The Portuguese Palace


The second stop on our Sintra trip was to the Parque e Palacio da Pena. Yes you’re Portuguese is fantastic – that’s the Park and Palace of Pena.


To reach the palace we had to get to the top of a very steep hill. This would have been about an hour’s walk, which wasn’t too appealing on a chilly afternoon so we considered other modes of transport. There was a bus, but at 5 euros it seemed a bit pricey. We then discovered that there were TukTuks travelling up for the very same price and, well, it was an easy decision – it’s not every day that you can hop in a TukTuk…

Riding in a six-seater TukTuk up a steep, cobbled hill on a windy sunday afternoon was my highlight of 2015 so far. It was terrifying, hilarious fun and the fact that our driver insisted on turning around and chatting rather than watching the road only added to the adrenaline-fuled excitement.

Pena sits on the top of a hill and is a considered one of the greatest expressions of 19th century Romanticism. Built by King Ferdinand II, the palace is colourful, ornate and an intentional mixture architectural styles. Basically it looks like a disney castle, it’s stunning.



So, a TukTuk ride up, exploration of a magical castle, TukTuk ride down. It was an unforgettable day spent with lovely people and I couldn’t have been happier. Thanks to my lovely friend Helena for traveling with me (and for some of the photos!), you’re the best. You can read more about our adventures exploring Lisbon here, or Sintra part one hereUntitled


Quinta de Regaleira

As described in my previous post, Lisbon is gorgeous. This seems to be a recurring theme with Portugal actually, because Lagos was equally stunning in an entirely different way. On our second day in the capital we took a 30 minute train to Sintra and were amazed once again, by what we saw. IMG_9791

Sintra is a UNESCO World Heritage Site just outside of the capital and it’s magical. There’s a little village of cafes and shops at the base of the hill, then a winding path leading up to various stunning palaces and gardens. The first one we visited was Quinta de Regaleira.


Quinta de Regaleira is comprised of a palace, chapel, towers and ruins, all set within a mysterious, woodland garden complete with caves and waterfalls. The whole place was fantastic to get lost in; there were stepping stones, hidden passages and spiral staircases leading to turrets with views over the sprawling forest below.


One of the most incredible features was the Initiation Well, a 27 metre-deep well with a spiral staircase leading all the way down. The old stone was covered in moss and it was all very otherwordly and enchanting.


The cloudy weather seemed only to enhance the ethereal setting and the grey skies made the forest look even greener. I’m certain that this is the type of place that will blow you away whatever the weather and I’d highly reccomend a visit to Sintra for Quinta de Regaleira alone. Keep an eye out for my next post on the Palace of Pena, featuring a TukTuk ride and a real-life disney castle… Happy Sunday! Untitled


As I type, I’m sat home alone in my apartment waiting for the plumber to show up. This is proof that the year abroad isn’t always as ideal as my Instagram posts might suggest…

Our hot water stopped working yesterday and since phoning Antonio the Plumber (with whom I am on first name terms) I’ve been housebound, in eager anticipation of a hot shower and clean hair. My flatmates are in Madrid and Cáceres respectively, so I have no option other than to man the apartment until Antonio’s return.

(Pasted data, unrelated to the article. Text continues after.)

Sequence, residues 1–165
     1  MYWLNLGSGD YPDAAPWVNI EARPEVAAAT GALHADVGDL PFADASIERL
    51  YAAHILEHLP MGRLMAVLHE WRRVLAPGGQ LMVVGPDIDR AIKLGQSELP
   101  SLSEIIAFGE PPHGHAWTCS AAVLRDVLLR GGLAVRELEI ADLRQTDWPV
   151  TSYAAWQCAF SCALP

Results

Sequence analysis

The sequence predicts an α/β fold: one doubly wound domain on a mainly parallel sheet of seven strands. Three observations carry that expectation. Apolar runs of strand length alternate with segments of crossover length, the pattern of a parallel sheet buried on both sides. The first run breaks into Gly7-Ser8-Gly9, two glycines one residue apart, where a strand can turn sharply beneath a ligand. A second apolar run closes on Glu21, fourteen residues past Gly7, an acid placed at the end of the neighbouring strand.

Fortunately, I’ve put all this waiting to good use and started planning some future adventures with the intention of never spending an entire weekend inside these four walls again. With spring approaching, I can look forward to discovering more Spanish destinations and venturing further afield to surrounding countries.

So, without further ado, here’s my Spring travel itinerary (because if I publish this to my blog then it’s more likely to actually happen.)

  1. Salamanca – I plan to do a weekend break in this city later this month. I’ve seen some beautiful pictures of the main square and been told by many Spaniards that it’s a must-see destination. It’s also got a huge student population and with the inhabitants of my current town being either school-age or over 40 (and literally nowhere in between) I think it’s about time I interacted with some fellow youths.
  2. Lisbon – Living so close to the Portuguese border I can’t not visit Lisbon. When I travelled to Lagos in October I was not disappointed and Lisbon is known for being the best Portuguese city. It also has trams. I love trams!
  3. Morocco – I have wanted to visit Morocco for about five years now. With southern Spain’s proximity to Africa I simply need to take a bus and a ferry to get there – which is a lot cheaper than flying from England. The ‘blue city’ of Chefchaouen looks breathtaking and I can’t wait to take 1028441239 photos.
  4. Granada – Before I came to Spain, Granada was my number one on my travel hitlist. I’ve seen numerous photos of the Alhambra and I’m desperate see it in person. In fact, I’m thinking of ticking this one off the list for my 21st birthday in May. It would make a wonderful contrast to the previous six revision/exam filled birthdays that I’ve celebrated. It should be gloriously sunny there too.
  5. Cadiz – For a bit of beach action I’m thinking of heading to Cadiz. Cadiz apparently boasts narrow streets and spacious plazas with plenty to see and do. The city has an old town, a modern area AND a magnificent coast. This means I can sightsee, shop and sunbathe all in one weekend – amazing!

Any advice regarding places to stay or things to do in these locations would be great. Alternative recommendations are also welcome; I have approximately nineteen weekends left in Spain and I want to see as much as possible!Untitled